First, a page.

On Thursday, the Arkansas Supreme Court reversed and dismissed a lower court's ruling that prevented State officials from issuing cultivation licenses to businesses, which would allow these businesses to grow marijuana. In March, Judge Wendell Griffen ruled that the State's procedure for issuing marijuana cultivation licenses was unconstitutional. This ruling came after the Medical Marijuana Commission issued cultivation licenses to select businesses that had applied for such licenses. The Arkansas Supreme Court overruled Griffen on the grounds that Griffen did not have the jurisdiction to halt the issuance of licenses as the licensing process is controlled by the Executive Branch of the State government, not the Judicial Branch.
The Commission can now continue any action that was previously underway prior to Griffen's decision in March. The Commission has stated that it will not take any action regarding marijuana cultivation licenses for at least two weeks, which is the time it takes for the Supreme Court order to be finalized. After this two-week period, the Commission will announce how it plans to proceed with the licensing process. As of the decision in March, the Commission had not awarded the licenses for the dispensaries, only the cultivation centers, but those licenses will likely be issued before the end of summer. Arkansas has approved over 5,300 people for the use of medical marijuana. Registry cards, which will be used to obtain medical marijuana at a dispensary, will be issued roughly a month before medical marijuana is expected to be readily available.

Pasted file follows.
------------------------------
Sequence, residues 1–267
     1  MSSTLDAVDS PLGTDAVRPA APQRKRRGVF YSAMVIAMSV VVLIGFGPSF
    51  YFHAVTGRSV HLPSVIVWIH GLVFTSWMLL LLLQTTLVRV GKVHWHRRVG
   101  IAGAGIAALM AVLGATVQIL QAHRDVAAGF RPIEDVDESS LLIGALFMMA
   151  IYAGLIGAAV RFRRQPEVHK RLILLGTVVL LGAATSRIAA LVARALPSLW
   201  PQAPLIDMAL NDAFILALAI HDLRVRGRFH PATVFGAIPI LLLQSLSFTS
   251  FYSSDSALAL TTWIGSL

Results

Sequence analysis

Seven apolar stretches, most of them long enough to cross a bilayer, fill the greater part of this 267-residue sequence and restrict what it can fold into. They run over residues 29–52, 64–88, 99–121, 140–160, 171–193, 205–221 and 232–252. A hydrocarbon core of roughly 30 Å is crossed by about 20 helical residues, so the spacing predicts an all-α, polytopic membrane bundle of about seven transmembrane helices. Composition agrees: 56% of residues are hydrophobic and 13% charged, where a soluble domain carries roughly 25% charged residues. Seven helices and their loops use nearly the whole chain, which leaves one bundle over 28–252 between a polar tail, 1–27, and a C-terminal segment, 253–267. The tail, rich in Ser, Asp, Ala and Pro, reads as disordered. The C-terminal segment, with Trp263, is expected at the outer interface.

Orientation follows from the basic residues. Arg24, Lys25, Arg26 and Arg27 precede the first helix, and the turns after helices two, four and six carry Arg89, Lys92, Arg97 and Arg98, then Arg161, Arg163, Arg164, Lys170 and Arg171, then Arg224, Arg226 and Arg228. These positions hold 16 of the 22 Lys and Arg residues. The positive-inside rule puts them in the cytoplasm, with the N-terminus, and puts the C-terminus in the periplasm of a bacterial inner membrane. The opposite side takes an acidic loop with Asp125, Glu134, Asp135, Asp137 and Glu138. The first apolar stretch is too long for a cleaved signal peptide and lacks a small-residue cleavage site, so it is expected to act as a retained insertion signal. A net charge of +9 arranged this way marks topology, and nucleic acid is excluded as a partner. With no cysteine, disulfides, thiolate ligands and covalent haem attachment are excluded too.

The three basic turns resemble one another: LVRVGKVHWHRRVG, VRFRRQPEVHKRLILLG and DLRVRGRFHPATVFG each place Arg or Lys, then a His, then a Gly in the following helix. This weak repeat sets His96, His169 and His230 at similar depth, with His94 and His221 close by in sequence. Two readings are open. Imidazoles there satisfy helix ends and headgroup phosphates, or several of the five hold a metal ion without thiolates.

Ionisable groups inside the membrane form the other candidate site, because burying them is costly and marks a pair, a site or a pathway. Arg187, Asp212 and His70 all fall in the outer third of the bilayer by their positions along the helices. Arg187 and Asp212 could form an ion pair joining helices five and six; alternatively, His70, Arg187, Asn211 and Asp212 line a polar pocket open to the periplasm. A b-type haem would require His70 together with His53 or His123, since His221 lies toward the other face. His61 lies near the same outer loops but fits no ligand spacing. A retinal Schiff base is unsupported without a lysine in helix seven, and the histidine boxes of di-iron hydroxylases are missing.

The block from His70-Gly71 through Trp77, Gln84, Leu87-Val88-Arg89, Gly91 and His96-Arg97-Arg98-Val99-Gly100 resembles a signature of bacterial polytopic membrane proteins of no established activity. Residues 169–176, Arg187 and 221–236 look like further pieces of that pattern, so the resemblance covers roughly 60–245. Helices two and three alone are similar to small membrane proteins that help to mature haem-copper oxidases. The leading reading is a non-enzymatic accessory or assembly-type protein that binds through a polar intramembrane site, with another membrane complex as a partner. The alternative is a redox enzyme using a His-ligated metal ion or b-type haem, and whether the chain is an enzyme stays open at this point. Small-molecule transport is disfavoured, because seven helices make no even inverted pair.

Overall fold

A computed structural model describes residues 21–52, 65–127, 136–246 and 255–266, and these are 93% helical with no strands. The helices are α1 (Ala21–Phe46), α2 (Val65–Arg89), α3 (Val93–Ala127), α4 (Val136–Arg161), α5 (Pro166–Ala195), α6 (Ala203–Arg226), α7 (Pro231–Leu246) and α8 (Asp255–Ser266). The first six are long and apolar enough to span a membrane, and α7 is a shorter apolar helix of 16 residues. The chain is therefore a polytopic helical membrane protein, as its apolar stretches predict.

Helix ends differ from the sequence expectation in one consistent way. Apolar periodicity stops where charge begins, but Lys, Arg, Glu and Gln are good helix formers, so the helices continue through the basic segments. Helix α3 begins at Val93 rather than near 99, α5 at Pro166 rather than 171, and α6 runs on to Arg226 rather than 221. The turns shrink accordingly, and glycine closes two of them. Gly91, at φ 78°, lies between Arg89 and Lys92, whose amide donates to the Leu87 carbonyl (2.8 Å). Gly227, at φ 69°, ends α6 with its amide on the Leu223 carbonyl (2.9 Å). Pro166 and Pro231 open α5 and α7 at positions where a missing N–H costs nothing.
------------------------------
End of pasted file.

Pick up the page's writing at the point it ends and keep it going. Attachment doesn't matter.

The decision by the Arkansas Supreme Court makes it likely that medical marijuana will be available before the end of 2018. As such, every employer needs to review its policies regarding substance abuse to ensure it is prepared when marijuana hits the streets.
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